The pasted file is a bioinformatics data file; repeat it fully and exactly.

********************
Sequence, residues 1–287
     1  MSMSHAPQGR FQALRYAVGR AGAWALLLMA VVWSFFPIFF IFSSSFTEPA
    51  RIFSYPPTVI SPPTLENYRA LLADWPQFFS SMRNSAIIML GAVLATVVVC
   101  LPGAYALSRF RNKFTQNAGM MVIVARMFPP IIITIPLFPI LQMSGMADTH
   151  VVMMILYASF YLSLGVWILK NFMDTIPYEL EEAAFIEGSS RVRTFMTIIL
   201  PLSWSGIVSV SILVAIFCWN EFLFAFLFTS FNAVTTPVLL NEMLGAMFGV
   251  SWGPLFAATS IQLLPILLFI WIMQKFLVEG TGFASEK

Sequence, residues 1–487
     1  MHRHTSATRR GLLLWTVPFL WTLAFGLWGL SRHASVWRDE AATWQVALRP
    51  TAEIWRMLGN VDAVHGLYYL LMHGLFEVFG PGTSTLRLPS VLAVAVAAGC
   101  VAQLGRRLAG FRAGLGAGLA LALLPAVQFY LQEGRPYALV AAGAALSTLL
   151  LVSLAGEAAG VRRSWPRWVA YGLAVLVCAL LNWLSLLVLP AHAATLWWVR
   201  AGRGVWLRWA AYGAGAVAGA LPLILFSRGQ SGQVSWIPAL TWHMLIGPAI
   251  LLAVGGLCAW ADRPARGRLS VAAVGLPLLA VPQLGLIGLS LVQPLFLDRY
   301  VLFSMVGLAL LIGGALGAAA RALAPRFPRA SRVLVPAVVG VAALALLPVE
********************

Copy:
Sequence, residues 1–287
     1  MSMSHAPQGR FQALRYAVGR AGAWALLLMA VVWSFFPIFF IFSSSFTEPA
    51  RIFSYPPTVI SPPTLENYRA LLADWPQFFS SMRNSAIIML GAVLATVVVC
   101  LPGAYALSRF RNKFTQNAGM MVIVARMFPP IIITIPLFPI LQMSGMADTH
   151  VVMMILYASF YLSLGVWILK NFMDTIPYEL EEAAFIEGSS RVRTFMTIIL
   201  PLSWSGIVSV SILVAIFCWN EFLFAFLFTS FNAVTTPVLL NEMLGAMFGV
   251  SWGPLFAATS IQLLPILLFI WIMQKFLVEG TGFASEK

Sequence, residues 1–487
     1  MHRHTSATRR GLLLWTVPFL WTLAFGLWGL SRHASVWRDE AATWQVALRP
    51  TAEIWRMLGN VDAVHGLYYL LMHGLFEVFG PGTSTLRLPS VLAVAVAAGC
   101  VAQLGRRLAG FRAGLGAGLA LALLPAVQFY LQEGRPYALV AAGAALSTLL
   151  LVSLAGEAAG VRRSWPRWVA YGLAVLVCAL LNWLSLLVLP AHAATLWWVR
   201  AGRGVWLRWA AYGAGAVAGA LPLILFSRGQ SGQVSWIPAL TWHMLIGPAI
   251  LLAVGGLCAW ADRPARGRLS VAAVGLPLLA VPQLGLIGLS LVQPLFLDRY
   301  VLFSMVGLAL LIGGALGAAA RALAPRFPRA SRVLVPAVVG VAALALLPVE